CF: How has your process taken shape this year in the context of the pandemic? Did the national lockdown shift your relationship to your studio practice?
MN: The lockdown has indeed shifted my practice. I moved home when lockdown was announced because as much as I enjoy living alone, I didn’t want to be crippled by the loneliness of being unable to see anyone whenever I wanted to get out of my head. Moving home made me realise that my mother’s house should actually be a place of practice for the work we do. It is easier working here instead of having to call and constantly travel home to film. Being home offered me prolonged conversations and time to play with my mother with this work. I set up a studio in her lounge, we fought because she says I always take over her house whenever I’m home and my moving out gave her house space to breathe without my mess. I laughed because since starting the work Mma Pelo O Jele Serati, I have become increasingly aware of these moments that proclaim my Dodzen’s love for me. It’s in the negotiation, of space and everything else that I realise how much this woman loves me. Although I don’t recall my mother ever saying that she loves me, she does overtly show me; she makes my work with me, she lets me take over her home, she trusts me, negotiates with me and that, that’s the vernacular that is of interest to my work. Similar to Lerato Shadi’s Sugar and Salt. I always go back to that video and laugh at Mme Shadi’s reactions throughout the video. The work warms my heart because for me it also speaks to how our mothers love us so that they would engage in these awkward acts with us. Half of the time my mother doesn’t understand why we’re even doing half of the things we do, but she willingly participates and collaborates and that fills my heart.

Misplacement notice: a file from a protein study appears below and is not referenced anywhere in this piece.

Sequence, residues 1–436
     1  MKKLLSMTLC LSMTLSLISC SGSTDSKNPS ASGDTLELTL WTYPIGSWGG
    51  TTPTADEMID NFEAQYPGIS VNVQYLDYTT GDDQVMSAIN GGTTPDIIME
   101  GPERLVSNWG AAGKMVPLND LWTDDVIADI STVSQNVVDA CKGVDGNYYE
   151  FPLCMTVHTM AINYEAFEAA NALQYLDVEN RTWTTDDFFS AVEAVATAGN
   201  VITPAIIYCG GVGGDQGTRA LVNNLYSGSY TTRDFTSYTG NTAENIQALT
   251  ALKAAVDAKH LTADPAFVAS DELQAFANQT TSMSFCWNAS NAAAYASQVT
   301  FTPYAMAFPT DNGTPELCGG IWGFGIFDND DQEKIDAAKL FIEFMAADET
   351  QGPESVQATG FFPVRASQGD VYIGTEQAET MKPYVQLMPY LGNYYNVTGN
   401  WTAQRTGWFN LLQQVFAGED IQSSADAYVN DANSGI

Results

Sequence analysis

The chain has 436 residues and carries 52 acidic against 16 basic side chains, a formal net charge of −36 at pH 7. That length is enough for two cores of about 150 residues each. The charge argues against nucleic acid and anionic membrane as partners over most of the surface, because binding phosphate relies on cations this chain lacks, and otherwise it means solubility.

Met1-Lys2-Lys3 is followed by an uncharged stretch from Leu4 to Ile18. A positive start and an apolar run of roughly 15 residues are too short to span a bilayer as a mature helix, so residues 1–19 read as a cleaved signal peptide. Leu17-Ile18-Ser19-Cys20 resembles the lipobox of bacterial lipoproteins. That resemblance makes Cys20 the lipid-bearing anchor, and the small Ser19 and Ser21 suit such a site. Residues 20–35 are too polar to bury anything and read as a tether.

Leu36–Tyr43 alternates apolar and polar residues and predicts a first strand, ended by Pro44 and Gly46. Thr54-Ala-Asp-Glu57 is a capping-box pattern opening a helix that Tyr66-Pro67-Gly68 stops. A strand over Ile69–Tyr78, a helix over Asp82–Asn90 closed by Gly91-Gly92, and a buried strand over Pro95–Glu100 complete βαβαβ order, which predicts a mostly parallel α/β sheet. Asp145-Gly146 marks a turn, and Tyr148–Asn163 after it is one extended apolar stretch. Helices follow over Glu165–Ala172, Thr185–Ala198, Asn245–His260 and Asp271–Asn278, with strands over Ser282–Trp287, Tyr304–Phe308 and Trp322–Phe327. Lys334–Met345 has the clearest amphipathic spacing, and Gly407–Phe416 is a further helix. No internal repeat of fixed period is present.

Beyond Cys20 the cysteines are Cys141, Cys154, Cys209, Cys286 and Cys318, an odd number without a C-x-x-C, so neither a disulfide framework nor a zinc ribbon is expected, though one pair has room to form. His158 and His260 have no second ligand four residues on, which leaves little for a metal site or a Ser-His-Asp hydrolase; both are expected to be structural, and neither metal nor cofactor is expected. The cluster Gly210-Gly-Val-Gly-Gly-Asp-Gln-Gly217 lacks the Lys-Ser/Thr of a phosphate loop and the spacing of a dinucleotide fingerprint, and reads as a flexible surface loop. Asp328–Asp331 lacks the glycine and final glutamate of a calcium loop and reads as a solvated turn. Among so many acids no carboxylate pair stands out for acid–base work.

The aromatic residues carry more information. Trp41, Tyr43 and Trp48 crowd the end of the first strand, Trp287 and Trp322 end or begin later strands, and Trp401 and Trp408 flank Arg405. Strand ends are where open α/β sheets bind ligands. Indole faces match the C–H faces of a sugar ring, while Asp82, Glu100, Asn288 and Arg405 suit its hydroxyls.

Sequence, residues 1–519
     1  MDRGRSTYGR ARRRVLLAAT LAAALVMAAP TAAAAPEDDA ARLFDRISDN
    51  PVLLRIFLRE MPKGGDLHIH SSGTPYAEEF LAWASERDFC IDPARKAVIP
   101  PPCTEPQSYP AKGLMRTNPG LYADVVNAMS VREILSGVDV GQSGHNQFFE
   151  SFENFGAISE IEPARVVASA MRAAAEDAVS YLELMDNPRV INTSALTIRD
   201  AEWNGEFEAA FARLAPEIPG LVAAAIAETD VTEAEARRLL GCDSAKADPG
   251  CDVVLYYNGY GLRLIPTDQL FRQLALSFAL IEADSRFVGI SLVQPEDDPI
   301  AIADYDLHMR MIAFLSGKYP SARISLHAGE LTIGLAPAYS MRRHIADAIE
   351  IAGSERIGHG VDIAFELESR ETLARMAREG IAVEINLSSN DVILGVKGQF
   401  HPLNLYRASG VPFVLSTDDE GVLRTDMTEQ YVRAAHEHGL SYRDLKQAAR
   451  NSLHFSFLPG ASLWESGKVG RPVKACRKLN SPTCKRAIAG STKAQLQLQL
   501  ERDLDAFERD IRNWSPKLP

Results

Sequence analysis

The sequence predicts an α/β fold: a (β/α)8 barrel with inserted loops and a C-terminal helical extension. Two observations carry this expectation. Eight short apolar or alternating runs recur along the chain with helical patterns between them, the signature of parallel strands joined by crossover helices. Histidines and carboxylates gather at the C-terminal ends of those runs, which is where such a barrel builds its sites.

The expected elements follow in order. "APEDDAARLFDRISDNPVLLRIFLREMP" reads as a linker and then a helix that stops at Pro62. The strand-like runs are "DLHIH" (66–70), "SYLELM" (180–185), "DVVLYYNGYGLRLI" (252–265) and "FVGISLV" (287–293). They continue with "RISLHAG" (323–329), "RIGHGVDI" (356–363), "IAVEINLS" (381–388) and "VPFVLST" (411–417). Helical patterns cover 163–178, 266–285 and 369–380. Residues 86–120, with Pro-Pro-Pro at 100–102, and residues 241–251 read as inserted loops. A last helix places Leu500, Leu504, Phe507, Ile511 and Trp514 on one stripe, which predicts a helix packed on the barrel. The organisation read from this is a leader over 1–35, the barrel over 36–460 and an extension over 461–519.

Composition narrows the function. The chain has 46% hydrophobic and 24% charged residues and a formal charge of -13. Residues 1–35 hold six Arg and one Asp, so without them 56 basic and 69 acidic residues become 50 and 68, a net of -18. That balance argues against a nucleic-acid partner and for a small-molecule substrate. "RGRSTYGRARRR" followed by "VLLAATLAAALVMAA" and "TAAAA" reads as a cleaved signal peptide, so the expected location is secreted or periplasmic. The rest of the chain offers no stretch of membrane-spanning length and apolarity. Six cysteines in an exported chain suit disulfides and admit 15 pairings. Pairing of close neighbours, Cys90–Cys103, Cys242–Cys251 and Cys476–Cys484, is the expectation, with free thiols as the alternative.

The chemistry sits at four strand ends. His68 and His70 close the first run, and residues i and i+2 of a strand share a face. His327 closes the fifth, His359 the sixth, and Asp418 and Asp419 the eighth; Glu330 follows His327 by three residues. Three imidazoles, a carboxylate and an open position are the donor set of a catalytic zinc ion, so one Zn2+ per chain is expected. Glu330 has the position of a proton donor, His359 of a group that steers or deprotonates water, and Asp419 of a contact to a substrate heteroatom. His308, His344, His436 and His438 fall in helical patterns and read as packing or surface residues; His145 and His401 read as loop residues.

I recall Simon Gush saying in the initial stages of lockdown that because we now work from home, the site of work has shifted but not necessarily the structure of it. This proposes a problem whereby work and life have become conflated, making it difficult to separate the two. This is not the integration that we have always desired, but rather a consumption of personal life by work. This has been so true for me. I haven’t been able to separate the two, but in a more optimistic light. I enjoy not having to travel to the studio, and being able to work at whatever hour and then walk a few steps to go to bed. There’s a fluent interchange that I enjoy.
I am moving back to Joburg next year and I am looking for a space large enough to make my messes in. I want to work and live in the same space. To live with my work and maybe get a dog and start my family.Motlhoki Nono